3 Leadership lessons from Mark Driscoll


Leadership is not about the leader. Leadership is about leading people. One of Mark Discroll’s friends recalls: “The Mark I knew was a pretty humble guy, one of the first guys to set up chairs at a meeting, always about giving credit to other people… At some point, Mark started believing his own press, that he was the most important part of the church.” Megachurches are often popular because of a charismatic mega leader. The success of a megachurch depends on that leader becoming the face of the church. Speaking tours, book sales, and interviews help fuel persona of a megachurch pastor. It appears Driscoll fell into rock-star-pastor trap.

Leadership is not about silencing critics. Leadership is about engaging critics. Former elders, board members, and staff recalled that when there was opposition facing Mark Driscoll he would intimidate, silence, or dismiss critics. In leadership, leaders need meet with those who have questions or objections. Not everyone will agree with a leader’s decisions but people will go where a leader leads if that leader gives an opportunity for people to be heard. Founder’s syndrome often plagues leaders who do not like to deal with critics.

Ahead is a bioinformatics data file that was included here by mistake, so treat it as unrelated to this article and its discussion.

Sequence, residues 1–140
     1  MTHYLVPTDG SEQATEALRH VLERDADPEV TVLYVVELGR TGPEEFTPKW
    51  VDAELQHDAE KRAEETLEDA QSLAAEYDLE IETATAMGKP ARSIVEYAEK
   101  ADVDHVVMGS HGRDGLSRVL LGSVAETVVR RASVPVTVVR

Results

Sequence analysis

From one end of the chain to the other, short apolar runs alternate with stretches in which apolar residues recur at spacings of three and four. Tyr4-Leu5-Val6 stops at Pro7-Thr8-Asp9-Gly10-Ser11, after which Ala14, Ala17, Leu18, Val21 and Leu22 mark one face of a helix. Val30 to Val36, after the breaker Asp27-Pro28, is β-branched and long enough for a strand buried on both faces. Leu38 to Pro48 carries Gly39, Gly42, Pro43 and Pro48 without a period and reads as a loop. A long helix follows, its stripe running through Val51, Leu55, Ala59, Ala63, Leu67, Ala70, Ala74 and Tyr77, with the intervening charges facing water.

Leadership is not a dictatorship. Leadership is about accountability. Mark Driscoll was not accountable to anyone. The Mars Hill structure allowed for Driscoll to be the head of everything. Bylaws were changed so that this remained so. The lack of transparency and accountability contributed to a church culture of dysfunction and fear. Only a small group of people knew how much Driscoll was paid and where church money went. Leaders need to be held accountable by a group of people in order that the best interests of the organization are upheld.